Weight: 11.4-13.4 ounces
Packed size: 17 inches
Known for making ultralight camp chairs, Helinox brings this same tech to the Passport line of trekking poles. These fixed-length, folding poles are impressively light and packable. They weigh just 11 ounces per pair, and the single locking button makes for fast deployment.
These did well on the trail and are ideal for day hikes and trail runs. Our testers found the foam grips comfortable even during long days on the trail. The tungsten carbide tips are ultra-durable, and you have the option to use rubber tips (included) for hard surface use. Plus, you can hike happy knowing they’re backed by a 5-year warranty.
Weight: 11 ounces
Packed size: 13.8 inches
Material: DAC alloy
These poles manage to strike the balance between light and strong. The collapsible three-section design keeps them light, and the sturdy lever locks keep them at the desired length.
We like how easy they are to adjust and were impressed that they never slipped, even when putting a lot of weight on them. The foam handles are comfortable, and the adjustable wrist strap allows you to get a custom fit.
These are also available in a slightly lighter (14-ounce pair) women’s-specific version.
Weight: 14.8 ounces
Packed size: 27 inches
Anyone looking for a sturdy, do-all pair of telescoping poles will appreciate the Montem Ultra Strong Trekking poles. The foam grips help them fit comfortably in the hand without any chafing or excessive sweating.
The flick locks make these poles easily adjustable. And we like that they can fit hikers ranging from 4′ to 6’8″ and up to 400 pounds.
Anyone wanting to go fast and light should look elsewhere, but these do nicely for most hikers.
Weight: 19.2 ounces
Packed size: 24 inches
The sprig-loaded, anti-shock system helps minimize impact and makes long days on the trail easier. The cork and foam handle is quite comfortable, and we like how easy it is to adjust the length.
That said, twist-lock poles are not our favorite simply because they tend to wear out over time. But these poles are fairly light, comfortable, and priced to win.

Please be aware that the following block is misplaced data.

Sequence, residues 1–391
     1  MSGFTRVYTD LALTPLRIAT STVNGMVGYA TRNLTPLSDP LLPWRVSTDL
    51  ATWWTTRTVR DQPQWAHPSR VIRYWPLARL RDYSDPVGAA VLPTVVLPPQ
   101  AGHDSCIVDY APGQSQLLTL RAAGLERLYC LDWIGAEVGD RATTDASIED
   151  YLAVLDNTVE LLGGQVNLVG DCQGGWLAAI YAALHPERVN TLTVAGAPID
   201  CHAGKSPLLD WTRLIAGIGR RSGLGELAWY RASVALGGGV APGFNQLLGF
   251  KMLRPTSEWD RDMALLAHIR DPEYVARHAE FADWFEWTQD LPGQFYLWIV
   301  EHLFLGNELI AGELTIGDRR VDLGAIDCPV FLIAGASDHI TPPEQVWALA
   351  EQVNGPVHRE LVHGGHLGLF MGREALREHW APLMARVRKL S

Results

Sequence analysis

Weight: 17.5 ounces
Packed size: 26.5 inches
Material: Carbon and aluminum blend
Do You Need Trekking Poles?
Advantages of Trekking Poles
- Distribute some of the work to your upper body. Although using your arms can increase your overall energy use (see cons below), it’s an effective and useful leg-saver.
- Save your knees and joints on downhill treks. Studies show that using poles significantly reduces the impact on your knees while hiking downhill.
- Improve balance on uneven terrain, river crossings, or slippery rocks.
- Maintain a consistent gait, leading to a faster and more efficient pace.
- They are multifunctional and can be used as tent poles.
Cons of Trekking Poles
- Overall energy output is increased.
- If you choose not to use your poles, they become another piece of gear to carry.
How to Choose a Trekking Pole
Weight & Packed Size
The packed-down length isn’t of vital importance to most hikers and backpackers. But for those who plan to travel with their poles, it’s best to look for a pole that packs down small enough to fit in your luggage. Something like the LEKI Micro Vario is a solid option.
One of the biggest factors for a good fit is height. Stand up straight (preferably wearing the shoes you’ll hike in) and bend your arm to a 90-degree angle. Measure from the floor to your elbow to calculate your length.
In general, people 5’1″ and under will choose a 100cm pole. Those up to 5’7″ will use a 110cm pole. Hikers ranging from 5’8″ to 5’11” need a 120cm pole. And those taller than 6′ will go with the 130cm option.
Fixed Length vs. Adjustable
There are reasons to consider each. With adjustable poles, you can quickly change the length. This lets you fine-tune them on the trail to your personalized height. And it allows you the option to make them longer on the descent and shorter on steep ascents. The downside is an increased possibility of failure or slippage at the locking points.
Fixed-length poles don’t offer as much fine-tuning but can generally handle a lot of weight and have less room for error. Some, like the trail-running-specific Black Diamond Distance Carbon Poles, don’t fold up. Others are a fixed length when deployed but break down for packing.
For further help choosing, the video below from REI offers some great tips.
Have a favorite pair of trekking poles we missed? Let us know in the comments for future updates to this article.